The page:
A campaign of complex denial-of-service (DoS) attacks was launched against the servers of Electrum, a popular Bitcoin wallet, reported ethical hacking training specialists from the International Institute of Cyber Security.
So far the exact amount that the incident has cost is still unknown, although it is estimated that the stolen assets could be worth millions of dollars. Electrum has recommended users to limit the use of this platform until the incident is resolved, although further details about the company’s internal investigation are still unknown.
The company revealed the incident via Twitter: “Electrum servers are under a DoS attack. We are working on a more robust version of our servers; meanwhile, affected users must disable the auto-connect features and select their server manually”.
According to the ethical hacking training specialists, the hackers launched the attack against users of compromised versions of the server designed to steal the balances of the Bitcoin wallets of the victims.
One of the ethical hacking training specialists stated that, if fake versions of the Electrum wallet are installed, any virtual assets stored on these servers would be lost immediately. The losses could amount to the millions of dollars; a single user suffered the theft of $140k USD in cryptocurrency.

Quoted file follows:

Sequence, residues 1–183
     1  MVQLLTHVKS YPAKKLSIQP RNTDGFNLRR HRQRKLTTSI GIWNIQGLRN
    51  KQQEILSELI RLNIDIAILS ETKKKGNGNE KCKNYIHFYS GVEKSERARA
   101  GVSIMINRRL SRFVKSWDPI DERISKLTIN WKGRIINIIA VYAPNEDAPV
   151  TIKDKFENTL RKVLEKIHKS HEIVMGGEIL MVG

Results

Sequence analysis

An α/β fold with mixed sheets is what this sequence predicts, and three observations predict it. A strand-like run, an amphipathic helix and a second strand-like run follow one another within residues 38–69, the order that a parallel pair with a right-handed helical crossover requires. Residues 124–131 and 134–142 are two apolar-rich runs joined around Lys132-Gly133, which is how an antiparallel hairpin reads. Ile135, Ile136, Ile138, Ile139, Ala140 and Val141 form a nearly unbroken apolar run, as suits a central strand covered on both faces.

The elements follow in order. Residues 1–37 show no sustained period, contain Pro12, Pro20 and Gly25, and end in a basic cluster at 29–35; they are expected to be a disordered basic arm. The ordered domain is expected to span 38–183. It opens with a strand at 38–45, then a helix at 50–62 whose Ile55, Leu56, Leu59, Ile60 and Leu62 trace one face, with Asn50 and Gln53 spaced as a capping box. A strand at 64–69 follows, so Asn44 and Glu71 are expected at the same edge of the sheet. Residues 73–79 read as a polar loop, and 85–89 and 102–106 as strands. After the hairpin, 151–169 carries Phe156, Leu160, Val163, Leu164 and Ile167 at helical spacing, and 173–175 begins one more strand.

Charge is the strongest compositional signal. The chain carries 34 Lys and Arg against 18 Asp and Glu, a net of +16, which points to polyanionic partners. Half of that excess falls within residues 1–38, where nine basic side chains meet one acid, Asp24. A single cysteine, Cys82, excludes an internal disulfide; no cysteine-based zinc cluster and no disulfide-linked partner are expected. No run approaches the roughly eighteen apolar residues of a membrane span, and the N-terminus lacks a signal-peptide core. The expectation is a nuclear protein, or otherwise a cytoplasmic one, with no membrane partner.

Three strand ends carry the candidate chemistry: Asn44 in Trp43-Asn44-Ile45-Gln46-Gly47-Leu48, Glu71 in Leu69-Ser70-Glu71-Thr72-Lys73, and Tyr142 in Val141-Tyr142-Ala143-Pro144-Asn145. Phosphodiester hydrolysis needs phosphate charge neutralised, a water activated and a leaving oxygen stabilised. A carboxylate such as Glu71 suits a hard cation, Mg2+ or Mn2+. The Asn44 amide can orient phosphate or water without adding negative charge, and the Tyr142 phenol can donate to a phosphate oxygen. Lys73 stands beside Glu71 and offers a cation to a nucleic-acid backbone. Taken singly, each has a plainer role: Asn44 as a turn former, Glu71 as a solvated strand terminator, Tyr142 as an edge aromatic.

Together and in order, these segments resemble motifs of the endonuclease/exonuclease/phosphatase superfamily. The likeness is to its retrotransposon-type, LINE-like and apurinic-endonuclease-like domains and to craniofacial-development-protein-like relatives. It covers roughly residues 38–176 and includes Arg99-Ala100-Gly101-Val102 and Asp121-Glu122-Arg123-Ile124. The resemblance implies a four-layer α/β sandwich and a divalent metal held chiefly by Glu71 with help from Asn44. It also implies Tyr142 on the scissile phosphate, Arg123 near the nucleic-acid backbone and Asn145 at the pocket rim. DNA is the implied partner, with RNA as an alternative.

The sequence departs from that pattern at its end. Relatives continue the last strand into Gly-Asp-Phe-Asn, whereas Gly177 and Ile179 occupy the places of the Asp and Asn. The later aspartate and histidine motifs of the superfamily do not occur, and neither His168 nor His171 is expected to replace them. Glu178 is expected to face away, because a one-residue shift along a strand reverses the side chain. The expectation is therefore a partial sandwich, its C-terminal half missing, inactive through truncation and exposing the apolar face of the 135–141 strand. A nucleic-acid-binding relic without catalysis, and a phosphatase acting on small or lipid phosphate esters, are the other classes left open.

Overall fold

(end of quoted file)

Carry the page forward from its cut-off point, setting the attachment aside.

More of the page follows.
Although it is not yet known enough about this campaign of attacks Two, some users of Electrum believe that these could be linked in some way with previous campaigns of attack against the servers of this cryptocurrency wallet. Previously, multiple users of Electrum have suffered phishing attacks; in addition, the Trojan ‘Electrumstealer’ and its variants have stolen millions of dollars in Bitcoin to users of this service.
The company advises its users to download the Electrum software only through its official website or from GitHub, while the developers will continue to work to resolve the situation. It is worth noting that this incident mainly affects users who use obsolete versions of Electrum.
He is a well-known expert in mobile security and malware analysis. He studied Computer Science at NYU and started working as a cyber security analyst in 2003. He is actively working as an anti-malware expert. He also worked for security companies like Kaspersky Lab. His everyday job includes researching about new malware and cyber security incidents. Also he has deep level of knowledge in mobile security and mobile vulnerabilities.